Wildgrowth Walker: This card is remove on sight. We cannot afford to let this proc even a single time, and it is much better to eat a 2-for-1 to kill it than to let it live, get huge and difficult to remove, and gain unholy amounts of life. Carnage Tyrant: Our goal is to have pushed enough damage so that by the time this drops it is already too late for our opponent, because otherwise this is a card we cannot reasonably deal with and will only allow us 2-3 more turns to find lethal. Vivien Reid, Assassin's Trophy, Vraska, Relic Seeker: These are all outs to Experimental Frenzy. We are dependent on Frenzy to gather enough resources to win many games, but luckily these are low tempo plays for our opponent. If we have enough damage represented on board, our opponent will be forced to choose between removing our Frenzy or controlling the board. That all being said it is not very worthwhile to play around these, as our best chance of winning is to slam the Frenzy ASAP and hope for the best. Vraska's Contempt: This is their out to Phoenix. Ideally we can mount enough pressure that they are forced to use it on another creature instead just to survive. One line worth mentioning is that we can bolt our own Phoenix in response. This is still a 1-for-1, and we also only lose out on 1 damage (considering the 2 lifegain we deny). In other words, we trade 1 damage for the ability to keep our Phoenix.
One additional interaction of note is that we can hold back Firebrands to kill the exploring merfolk in response to their trigger. I do not recommend this at the expense of damage if we are ahead, but if the opponent is at advantage it can be useful to control the board and stall until Frenzy/Phoenix
We have two goals to accomplish with our sideboarding: we need to be able to permanently deal with Walker, for which we bring in the Lava Coils, and we need to find Phoenix and/or Experimental Frenzy as soon as possible, for which we bring in the Treasure Maps. As for cuts, Viashino cannot contest their board and is blocked favorably by almost everything they play, so we are removing all 4. We are also removing 2 Lavarunners as the ping from Firebrand is valued higher in this matchup than the value provided by Lavarunner. Lastly, we are removing 1 Shock as it is our lowest value burn spell. This leaves us with 6 1-drops and 4 2-drops to balance between ability to mount early aggression and ability to meet our goals of killing Walker and reaching our Frenzy/Phoenix ASAP.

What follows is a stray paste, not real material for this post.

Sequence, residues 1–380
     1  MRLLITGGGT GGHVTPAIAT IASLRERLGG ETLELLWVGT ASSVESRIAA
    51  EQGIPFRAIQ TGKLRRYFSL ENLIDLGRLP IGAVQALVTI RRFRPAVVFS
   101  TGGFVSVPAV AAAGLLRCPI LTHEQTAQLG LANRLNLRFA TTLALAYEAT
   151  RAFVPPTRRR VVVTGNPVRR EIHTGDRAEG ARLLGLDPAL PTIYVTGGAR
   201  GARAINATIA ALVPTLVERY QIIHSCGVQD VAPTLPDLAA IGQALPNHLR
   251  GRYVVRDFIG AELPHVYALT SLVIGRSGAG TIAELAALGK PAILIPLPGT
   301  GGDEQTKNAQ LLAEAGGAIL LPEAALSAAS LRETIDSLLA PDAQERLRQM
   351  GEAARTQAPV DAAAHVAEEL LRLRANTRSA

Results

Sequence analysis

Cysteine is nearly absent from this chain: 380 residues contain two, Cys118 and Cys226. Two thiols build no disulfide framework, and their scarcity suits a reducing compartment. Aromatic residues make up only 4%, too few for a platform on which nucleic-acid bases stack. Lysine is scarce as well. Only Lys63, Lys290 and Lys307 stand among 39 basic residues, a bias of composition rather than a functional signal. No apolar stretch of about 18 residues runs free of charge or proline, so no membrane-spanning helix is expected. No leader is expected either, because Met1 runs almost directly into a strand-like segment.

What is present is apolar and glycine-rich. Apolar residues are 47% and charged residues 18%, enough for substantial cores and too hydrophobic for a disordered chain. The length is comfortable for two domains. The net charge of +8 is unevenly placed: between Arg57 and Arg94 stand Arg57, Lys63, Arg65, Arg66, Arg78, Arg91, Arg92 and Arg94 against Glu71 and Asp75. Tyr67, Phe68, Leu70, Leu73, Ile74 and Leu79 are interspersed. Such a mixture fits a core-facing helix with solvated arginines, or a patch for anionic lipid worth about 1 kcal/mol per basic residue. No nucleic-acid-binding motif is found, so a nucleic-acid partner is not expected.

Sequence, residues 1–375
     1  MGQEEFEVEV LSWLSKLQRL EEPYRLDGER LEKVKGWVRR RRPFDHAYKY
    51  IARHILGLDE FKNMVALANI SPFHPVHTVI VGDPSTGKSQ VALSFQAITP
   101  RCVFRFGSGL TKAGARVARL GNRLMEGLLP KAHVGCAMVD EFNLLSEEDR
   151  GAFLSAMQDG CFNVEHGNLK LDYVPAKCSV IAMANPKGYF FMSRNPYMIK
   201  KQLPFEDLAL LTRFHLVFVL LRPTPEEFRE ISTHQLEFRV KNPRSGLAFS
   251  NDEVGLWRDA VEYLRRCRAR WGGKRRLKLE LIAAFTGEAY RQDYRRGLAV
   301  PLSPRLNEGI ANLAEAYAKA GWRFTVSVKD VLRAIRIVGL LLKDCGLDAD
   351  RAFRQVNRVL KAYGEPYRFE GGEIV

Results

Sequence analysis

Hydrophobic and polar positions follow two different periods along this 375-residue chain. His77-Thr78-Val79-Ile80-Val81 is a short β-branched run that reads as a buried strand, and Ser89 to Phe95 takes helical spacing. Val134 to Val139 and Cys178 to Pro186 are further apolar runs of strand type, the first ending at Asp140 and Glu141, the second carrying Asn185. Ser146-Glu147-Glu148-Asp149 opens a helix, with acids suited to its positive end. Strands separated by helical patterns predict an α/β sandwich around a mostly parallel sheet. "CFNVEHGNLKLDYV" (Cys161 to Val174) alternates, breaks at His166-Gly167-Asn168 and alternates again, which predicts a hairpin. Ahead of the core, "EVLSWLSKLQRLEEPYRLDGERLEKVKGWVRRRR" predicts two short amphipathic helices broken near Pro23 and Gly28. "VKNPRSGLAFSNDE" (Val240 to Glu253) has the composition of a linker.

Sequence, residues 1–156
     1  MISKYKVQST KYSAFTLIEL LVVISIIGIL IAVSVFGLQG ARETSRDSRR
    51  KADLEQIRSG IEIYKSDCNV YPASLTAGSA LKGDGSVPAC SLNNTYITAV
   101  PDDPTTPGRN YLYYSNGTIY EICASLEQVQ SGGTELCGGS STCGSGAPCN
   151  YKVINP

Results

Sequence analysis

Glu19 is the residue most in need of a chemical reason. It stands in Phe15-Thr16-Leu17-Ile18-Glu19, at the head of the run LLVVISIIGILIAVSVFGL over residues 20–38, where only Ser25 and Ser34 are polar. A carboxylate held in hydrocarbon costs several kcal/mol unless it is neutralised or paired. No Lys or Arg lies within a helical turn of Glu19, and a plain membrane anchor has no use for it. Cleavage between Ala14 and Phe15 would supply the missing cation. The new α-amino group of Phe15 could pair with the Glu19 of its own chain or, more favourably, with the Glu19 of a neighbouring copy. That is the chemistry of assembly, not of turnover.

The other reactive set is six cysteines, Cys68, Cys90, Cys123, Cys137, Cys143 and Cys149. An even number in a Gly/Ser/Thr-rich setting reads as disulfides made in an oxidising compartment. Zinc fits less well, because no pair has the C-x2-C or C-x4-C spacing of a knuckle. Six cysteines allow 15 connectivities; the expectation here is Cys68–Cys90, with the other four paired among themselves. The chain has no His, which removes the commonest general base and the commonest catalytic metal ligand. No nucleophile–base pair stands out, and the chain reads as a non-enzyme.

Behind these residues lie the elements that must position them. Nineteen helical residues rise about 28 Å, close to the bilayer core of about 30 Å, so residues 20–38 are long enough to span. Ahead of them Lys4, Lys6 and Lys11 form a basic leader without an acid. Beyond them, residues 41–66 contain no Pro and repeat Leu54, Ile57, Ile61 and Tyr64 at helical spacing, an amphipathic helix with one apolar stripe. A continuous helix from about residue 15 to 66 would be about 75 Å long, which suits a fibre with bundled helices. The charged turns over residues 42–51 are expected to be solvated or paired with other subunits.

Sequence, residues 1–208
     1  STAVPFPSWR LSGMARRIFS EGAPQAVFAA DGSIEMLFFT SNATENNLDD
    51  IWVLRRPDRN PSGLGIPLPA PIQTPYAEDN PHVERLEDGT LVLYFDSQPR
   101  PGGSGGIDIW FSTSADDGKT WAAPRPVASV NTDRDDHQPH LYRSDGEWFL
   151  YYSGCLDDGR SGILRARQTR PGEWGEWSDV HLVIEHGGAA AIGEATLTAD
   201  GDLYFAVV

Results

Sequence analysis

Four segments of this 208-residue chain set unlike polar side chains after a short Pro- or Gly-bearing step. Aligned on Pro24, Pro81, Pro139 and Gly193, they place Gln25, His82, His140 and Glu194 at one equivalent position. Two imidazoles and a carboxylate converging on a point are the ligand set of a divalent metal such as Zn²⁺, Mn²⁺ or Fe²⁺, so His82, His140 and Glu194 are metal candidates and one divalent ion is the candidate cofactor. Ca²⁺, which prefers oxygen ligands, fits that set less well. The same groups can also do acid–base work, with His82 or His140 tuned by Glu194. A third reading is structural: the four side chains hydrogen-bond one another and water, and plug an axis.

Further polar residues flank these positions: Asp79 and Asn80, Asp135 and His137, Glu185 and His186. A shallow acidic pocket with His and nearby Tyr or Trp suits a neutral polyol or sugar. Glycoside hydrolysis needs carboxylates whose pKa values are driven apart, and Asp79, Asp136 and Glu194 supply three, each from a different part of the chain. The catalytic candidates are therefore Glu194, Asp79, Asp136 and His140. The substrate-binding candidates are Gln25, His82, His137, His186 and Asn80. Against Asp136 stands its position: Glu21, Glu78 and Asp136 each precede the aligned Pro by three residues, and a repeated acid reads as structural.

Love this deck! Here is my timeline for expansion of the guide:
Next 24 hours: Add Situational and Sideboard Cards categories and correct basic formatting issues
Next 72 hours: Add matchup and sideboarding section
Stretch goal: Improve presentation to be cleaner and more professional
Well written guide. I agree with most of it though I am pondering your sideboarding strategy against golgari. Once you cut 6/8 wizards from your deck, your wizard's lightning loses much of it's fervor. It will usually just be a 3 mana lightning bolt.
My sideboarding strategy for this matchup would be to take out the wizard's lightning together with 3/4 viashino pyromancers and leave in the shock. In my current build I run 4 lava coil in the sideboard so all pyromancers go out. Note that ghitu lavarunner is still a viable 1 mana threat since your instant and sorcery count stays about the same. It's not a stellar card in the matchup but there isn't a better alternative in the current 75.
i have a question regarding golgari matchup: if the goal is to "push damage," isn't it better to board out Ghitu Lavarunners and keep Viashino Pyromancers because the latter deals 2 damage instantly while the former gets brickwalled easily? if late in the game the opponent has managed to build a board and i'm on topdeck mode, Viashino Pyro's a much better topdeck than Lavarunner, especially if opponent is down to 1-2 life.